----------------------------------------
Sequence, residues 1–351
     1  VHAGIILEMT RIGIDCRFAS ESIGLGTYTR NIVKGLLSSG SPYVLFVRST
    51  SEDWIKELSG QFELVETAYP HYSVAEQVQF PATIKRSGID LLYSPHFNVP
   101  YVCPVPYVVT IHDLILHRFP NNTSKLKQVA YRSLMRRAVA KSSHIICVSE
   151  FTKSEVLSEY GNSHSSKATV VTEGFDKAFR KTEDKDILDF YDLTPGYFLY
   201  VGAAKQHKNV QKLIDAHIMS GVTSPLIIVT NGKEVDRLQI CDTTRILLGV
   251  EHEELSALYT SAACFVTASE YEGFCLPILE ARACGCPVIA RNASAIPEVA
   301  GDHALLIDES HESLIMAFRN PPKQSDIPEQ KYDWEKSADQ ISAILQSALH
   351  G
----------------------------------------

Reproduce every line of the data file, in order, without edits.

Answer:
Sequence, residues 1–351
     1  VHAGIILEMT RIGIDCRFAS ESIGLGTYTR NIVKGLLSSG SPYVLFVRST
    51  SEDWIKELSG QFELVETAYP HYSVAEQVQF PATIKRSGID LLYSPHFNVP
   101  YVCPVPYVVT IHDLILHRFP NNTSKLKQVA YRSLMRRAVA KSSHIICVSE
   151  FTKSEVLSEY GNSHSSKATV VTEGFDKAFR KTEDKDILDF YDLTPGYFLY
   201  VGAAKQHKNV QKLIDAHIMS GVTSPLIIVT NGKEVDRLQI CDTTRILLGV
   251  EHEELSALYT SAACFVTASE YEGFCLPILE ARACGCPVIA RNASAIPEVA
   301  GDHALLIDES HESLIMAFRN PPKQSDIPEQ KYDWEKSADQ ISAILQSALH
   351  G